Latin America’s Tale of Two Crises

MEXICO CITY – If one were an irredeemable optimist, upcoming events in Venezuela and Colombia could be viewed as a harbinger of good things to come. In Venezuela, the October 7 presidential election may put an end to Hugo Chávez’s 14 years in power, along with his systematic destruction of the economy, media clampdowns, and endless meddling in other countries’ affairs. In Colombia, peace talks scheduled for October 8 in Norway between President Juan Manuel Santos’s government and the FARC guerrillas may bring an end to 40 years of war and bloodshed.

Unfortunately, neither of these outcomes is likely. In both cases, what seems desirable appears highly improbable.

Chávez has participated directly in four Venezuelan elections: in 1998, when he was elected for the first time; in 2004, when the opposition forced a recall vote; in 2006, when he was re-elected; and now, as he recovers from cancer and the country is in the midst of a huge public-safety crisis that has made Caracas one of the most dangerous cities in the world. Chávez won the first three, and, for several reasons, seems poised to win again.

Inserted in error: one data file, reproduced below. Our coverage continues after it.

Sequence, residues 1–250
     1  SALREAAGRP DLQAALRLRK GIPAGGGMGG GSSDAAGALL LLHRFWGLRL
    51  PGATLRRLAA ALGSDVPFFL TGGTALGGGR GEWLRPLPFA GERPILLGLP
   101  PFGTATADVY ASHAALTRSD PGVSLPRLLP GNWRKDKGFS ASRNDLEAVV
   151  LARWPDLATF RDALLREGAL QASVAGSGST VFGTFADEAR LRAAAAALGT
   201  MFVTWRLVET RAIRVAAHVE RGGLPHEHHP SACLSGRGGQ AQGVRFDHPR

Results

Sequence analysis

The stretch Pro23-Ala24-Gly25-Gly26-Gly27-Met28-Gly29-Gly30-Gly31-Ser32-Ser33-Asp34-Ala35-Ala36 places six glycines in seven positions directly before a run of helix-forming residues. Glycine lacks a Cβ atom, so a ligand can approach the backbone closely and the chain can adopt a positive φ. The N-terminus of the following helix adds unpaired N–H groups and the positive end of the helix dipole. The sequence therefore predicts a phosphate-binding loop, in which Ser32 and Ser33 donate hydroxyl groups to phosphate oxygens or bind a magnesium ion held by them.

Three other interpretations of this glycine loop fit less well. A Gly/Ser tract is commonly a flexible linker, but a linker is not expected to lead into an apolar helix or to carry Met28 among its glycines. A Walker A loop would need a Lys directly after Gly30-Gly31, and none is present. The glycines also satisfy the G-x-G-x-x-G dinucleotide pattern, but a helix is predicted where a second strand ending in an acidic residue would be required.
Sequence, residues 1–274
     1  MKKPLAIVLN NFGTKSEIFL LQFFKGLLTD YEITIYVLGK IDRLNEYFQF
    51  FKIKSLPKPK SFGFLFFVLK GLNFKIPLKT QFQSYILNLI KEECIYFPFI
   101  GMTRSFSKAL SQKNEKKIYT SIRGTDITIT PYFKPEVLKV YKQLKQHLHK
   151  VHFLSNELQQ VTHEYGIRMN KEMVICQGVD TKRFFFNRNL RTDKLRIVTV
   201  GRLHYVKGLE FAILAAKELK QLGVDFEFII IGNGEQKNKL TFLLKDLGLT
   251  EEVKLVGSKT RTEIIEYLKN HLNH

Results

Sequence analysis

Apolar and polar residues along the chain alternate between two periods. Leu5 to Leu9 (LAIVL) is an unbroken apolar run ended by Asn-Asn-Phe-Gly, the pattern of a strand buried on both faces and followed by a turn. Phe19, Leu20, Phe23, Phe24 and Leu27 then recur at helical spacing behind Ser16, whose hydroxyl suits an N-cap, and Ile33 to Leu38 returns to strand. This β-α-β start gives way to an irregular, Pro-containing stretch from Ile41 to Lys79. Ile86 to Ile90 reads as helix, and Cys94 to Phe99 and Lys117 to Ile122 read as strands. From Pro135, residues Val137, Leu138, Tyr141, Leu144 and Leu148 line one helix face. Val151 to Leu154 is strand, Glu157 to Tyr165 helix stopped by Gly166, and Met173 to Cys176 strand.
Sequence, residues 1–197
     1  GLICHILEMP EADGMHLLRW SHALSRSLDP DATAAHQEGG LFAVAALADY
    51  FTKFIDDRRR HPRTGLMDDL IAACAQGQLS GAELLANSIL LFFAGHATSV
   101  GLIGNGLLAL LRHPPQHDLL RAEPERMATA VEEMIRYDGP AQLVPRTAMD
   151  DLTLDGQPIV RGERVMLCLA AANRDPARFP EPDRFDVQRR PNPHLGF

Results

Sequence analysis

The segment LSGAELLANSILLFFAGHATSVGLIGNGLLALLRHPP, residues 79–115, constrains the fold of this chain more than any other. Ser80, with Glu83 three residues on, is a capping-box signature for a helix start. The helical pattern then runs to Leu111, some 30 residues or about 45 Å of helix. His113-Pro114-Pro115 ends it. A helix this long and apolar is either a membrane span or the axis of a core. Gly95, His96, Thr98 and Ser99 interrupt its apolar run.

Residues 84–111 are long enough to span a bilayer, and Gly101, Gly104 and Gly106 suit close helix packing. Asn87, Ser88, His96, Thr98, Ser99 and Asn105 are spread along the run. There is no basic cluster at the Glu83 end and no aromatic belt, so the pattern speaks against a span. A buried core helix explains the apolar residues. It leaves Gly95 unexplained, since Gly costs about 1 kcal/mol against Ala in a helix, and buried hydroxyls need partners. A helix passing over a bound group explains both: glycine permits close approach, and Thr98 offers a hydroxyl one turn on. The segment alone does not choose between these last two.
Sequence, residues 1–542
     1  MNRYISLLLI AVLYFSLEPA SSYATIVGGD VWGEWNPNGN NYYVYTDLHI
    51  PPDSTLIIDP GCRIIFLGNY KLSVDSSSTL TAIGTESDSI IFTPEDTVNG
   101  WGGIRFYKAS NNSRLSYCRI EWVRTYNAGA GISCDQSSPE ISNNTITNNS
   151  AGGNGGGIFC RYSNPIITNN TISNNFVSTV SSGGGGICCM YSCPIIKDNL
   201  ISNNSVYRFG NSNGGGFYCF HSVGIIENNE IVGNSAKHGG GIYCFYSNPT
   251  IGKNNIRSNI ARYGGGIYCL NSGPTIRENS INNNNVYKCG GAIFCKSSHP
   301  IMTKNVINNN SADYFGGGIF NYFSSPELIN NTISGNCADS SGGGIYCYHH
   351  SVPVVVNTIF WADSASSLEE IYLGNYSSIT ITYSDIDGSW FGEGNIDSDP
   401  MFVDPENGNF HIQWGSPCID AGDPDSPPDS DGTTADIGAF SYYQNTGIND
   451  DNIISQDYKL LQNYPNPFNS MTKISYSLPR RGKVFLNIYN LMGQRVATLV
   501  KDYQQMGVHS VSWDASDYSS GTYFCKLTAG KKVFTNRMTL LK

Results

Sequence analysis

For starters, Chávez is a formidable campaigner, and he has at his disposal every available lever of state power, from the Electoral Council to PDVSA, the national oil company. As skillful as Henrique Capriles Radonski, the opposition candidate, may be, the playing field is so uneven that he appears to stand little chance. One example: Venezuela’s overall population has grown 14% over the past 13 years, but electoral rolls have jumped 53%; the new voters can be ghosts, Colombians, or several generations of chavista supporters already registered to vote, even before they are born.